The Second Circuit's Grand Jury framework, while dealing with waiver, was decided in a different context and fails to consider the employee's Sixth Amendment rights. If literally applied to resolve the conflict between these two competing principles, the test could easily result in a defendant's inability to present powerful exculpatory materials because the corporate employer refuses to waive privilege. But corporations should not take much comfort in this test, because a court concerned with the defendant's right to a defense might find the test inapplicable, and even if it applied the test, might find that a waiver has occurred, broadly exposing the company's communications with its lawyers not only to the individual employee, but also to the government and other third-parties. The attempt at a compromise, as in W.R. Grace, where the employee was allowed to assert the defense and the corporation was deemed protected from a broad waiver, is one approach, but that case has not been followed by others to date, and offers little guidance on how the limited waiver could be enforced against third parties, or how one might deal with such issues at the investigative stage.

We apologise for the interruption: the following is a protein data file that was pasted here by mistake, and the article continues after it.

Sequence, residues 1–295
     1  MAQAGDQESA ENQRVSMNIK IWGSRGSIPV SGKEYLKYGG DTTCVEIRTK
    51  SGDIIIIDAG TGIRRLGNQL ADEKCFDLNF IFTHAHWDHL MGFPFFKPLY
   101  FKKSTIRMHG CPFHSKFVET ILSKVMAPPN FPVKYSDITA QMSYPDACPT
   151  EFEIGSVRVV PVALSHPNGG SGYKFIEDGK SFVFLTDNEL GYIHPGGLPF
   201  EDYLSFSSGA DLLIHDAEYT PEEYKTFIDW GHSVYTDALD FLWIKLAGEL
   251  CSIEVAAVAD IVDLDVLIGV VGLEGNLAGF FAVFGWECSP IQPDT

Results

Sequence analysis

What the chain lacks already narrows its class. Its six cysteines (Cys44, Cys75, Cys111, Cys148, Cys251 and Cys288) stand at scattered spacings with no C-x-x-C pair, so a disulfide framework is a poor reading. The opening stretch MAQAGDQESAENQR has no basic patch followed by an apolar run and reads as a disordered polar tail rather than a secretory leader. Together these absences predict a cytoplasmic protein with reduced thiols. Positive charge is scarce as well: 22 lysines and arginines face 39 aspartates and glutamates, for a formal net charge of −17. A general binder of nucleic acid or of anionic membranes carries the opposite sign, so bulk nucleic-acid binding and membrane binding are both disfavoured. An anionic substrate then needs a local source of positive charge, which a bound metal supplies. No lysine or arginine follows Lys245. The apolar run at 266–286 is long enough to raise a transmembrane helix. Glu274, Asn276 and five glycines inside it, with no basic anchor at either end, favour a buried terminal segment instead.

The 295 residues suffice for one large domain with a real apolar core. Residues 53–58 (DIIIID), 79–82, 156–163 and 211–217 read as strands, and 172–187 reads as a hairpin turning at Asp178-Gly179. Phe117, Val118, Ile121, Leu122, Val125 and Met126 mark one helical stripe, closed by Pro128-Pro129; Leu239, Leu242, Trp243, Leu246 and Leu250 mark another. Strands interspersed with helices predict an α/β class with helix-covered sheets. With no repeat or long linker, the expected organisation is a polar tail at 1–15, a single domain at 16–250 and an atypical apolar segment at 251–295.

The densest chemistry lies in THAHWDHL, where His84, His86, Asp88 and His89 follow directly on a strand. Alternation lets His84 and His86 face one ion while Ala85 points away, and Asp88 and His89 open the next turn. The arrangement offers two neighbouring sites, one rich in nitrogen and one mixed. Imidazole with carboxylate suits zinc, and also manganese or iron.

As complex white-collar cases continue to be aggressively pursued by the government, the conflict that lurks between an employee's ability to assert a defense based on advice of counsel, and a company's ability to control and protect its privileged communications with legal counsel, is likely to be subject to judicial scrutiny that will provide more clarity on how this conflict can be managed.
1. White Collar Crime Prosecutions for January 2012, http://trac.syr.edu/tracreports/bulletins/white_collar_crime/monthlyjan12/fil/ (April 19, 2012) (finding a 9.4 percent increase in white collar prosecutions between 2007 and 2012).
2. 11-civ-0788(JSR) (S.D.N.Y. 2011).
3. Pl.'s Mot. to Compel 1, ECF No. 40.